COVID Cases in Israeli Schools Drop Dramatically

The number of school children infected by COVID fell by over 50 percent as the Health Ministry gets set to hold a televised hearing on vaccinating children ages 5 to 11 on Thursday

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First grade students on their first day of school in Jerusalem, in September.
First grade students on their first day of school in Jerusalem, in September.Credit: Ohad Zwigenberg

The number of schoolchildren with coronavirus fell by over 50 percent over the past two weeks, with the decline among teaching staff being even more significant, Health Ministry data shows.  

Kids who tested positive for coronavirus fell by 54 percent over the past two weeks, to 4,743 Sunday from 10,236 on October 18. The decline was even more dramatic among school employees, with only 218 were reported ill with the coronavirus on Sunday, compared to 583 two weeks ago.

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Hospitals are currently treating 223 COVID-19 patients in severe condition, of whom 133 are on ventilators. A total of 8,085 people in Israel are known to have died from the coronavirus. A third coronavirus vaccine has been administered to 3.943 million people in Israel.

A joint study by Israel’s Clalit Research Institute and Harvard University, published Saturday, found that compared with individuals who received only two doses of the vaccine five months prior, individuals who received three doses had 93 percent lower risk of COVID-19 hospitalization, 92 percent lower risk of severe COVID-19 disease and 81 percent lower risk of COVID-19-related death.

The study, published in The Lancet, reviewed data from 728,321 Clalit Health Services members who received two doses of the Pfizer vaccine five months or more prior and 728,321 who received a third dose.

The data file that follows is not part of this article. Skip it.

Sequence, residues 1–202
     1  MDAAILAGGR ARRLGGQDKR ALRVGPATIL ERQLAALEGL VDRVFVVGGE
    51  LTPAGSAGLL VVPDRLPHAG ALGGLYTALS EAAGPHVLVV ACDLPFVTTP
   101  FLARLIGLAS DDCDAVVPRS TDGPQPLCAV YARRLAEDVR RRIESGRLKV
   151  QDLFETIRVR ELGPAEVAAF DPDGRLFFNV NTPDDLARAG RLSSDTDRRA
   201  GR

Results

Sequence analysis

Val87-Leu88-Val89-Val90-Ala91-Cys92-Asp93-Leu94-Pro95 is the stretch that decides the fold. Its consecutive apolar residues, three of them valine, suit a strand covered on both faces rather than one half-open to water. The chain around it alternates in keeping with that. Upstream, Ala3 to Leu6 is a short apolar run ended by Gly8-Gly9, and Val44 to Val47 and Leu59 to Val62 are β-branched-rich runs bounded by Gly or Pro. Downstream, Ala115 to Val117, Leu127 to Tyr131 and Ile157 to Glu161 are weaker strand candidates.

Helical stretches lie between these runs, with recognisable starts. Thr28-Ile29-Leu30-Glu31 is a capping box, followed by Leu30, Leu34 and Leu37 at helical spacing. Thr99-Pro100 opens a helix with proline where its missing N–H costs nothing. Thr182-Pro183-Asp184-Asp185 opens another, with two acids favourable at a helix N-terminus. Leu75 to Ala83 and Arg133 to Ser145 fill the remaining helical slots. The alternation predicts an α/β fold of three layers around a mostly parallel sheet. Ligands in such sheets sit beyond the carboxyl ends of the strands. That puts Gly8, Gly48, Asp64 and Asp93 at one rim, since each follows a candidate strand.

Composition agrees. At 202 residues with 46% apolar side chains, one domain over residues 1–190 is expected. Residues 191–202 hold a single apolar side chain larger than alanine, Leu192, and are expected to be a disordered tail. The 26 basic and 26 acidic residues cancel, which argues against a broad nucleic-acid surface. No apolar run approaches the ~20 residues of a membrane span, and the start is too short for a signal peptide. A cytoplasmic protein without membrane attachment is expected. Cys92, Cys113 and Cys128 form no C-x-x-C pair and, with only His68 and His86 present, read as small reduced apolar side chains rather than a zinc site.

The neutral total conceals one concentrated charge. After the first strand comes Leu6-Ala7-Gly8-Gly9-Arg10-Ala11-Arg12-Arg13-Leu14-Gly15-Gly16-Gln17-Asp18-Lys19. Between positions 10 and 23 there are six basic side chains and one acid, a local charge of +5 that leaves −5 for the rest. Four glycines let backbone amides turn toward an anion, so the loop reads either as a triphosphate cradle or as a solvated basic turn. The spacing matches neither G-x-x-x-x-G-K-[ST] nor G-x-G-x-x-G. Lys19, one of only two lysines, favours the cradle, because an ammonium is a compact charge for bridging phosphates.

On Friday, the U.S. Food and Drug Administration issued emergency approval for a reduced-dosage Pfizer vaccine for children aged 5-11. They are to receive two doses, two weeks apart. Each dose contains one-third of the amount of vaccine that is given to adults. Dr. Peter Marks, the FDA’s top vaccine official, said that approval for children up to 5 may be given within a few months.

The first debate in Israel regarding the vaccination of children aged 5-11, to be run by the Health Ministry, is scheduled for Thursday, and it will be broadcast live. The audience will be able to pose questions to the expert panel as well. Speakers will be chosen at random, but will represent different concerns – such as the vaccine’s safety and effectiveness – as well as varied positions on the subject, including vaccine hesitancy. People wanting to join the debate have until Tuesday to apply.

No decision on the matter will be made at this discussion, but rather at a separate discussion that will likely not be broadcast.

Meanwhile, a study by the American Centers for Disease Control published on Friday shows that people who have received two doses of the vaccine are better protected against COVID-19 compared to people who have already contracted the virus. This study contradicts data from Israel, which found that those recovering from COVID-19 are highly protected from the virus and are therefore not required to be vaccinated within six months of recovery. In addition, data from Israel from early in the pandemic showed that repeat infection is relatively rare.

According to the CDC study, recovering COVID-19 patients are at five times the risk to contract COVID-19, compared to those who have had two doses of Pfizer or Moderna. “We now have new evidence for the importance of the COVID-19 vaccines, even for those previously infected,” said CDC Director Rochelle Walensky.

The question of how protected recovered patients are from reinfection has yet to be answered clearly. The Health Ministry first recommended that recovered patients receive one vaccine dose. As of October 1, if more than six months had passed since their infection, it is a condition for receiving the Green Passport. A study by the Gertner Institute for Health Policy and Epidemiology – which is assisting the Health Ministry – showed last month that recovered patients who got one dose of the vaccine are similarly protected as those with three doses.

Although the new study’s findings contradict earlier results from Israel, the researchers offered a slew of qualifications for their findings, and acknowledging the differing results from Israel, conceded that different studies in the field have yielded contradictory results.

Previous studies have showed that two doses of the vaccine produce more antibodies than prior infection alone, but that prior infection may produce better protection against different variants of the virus.

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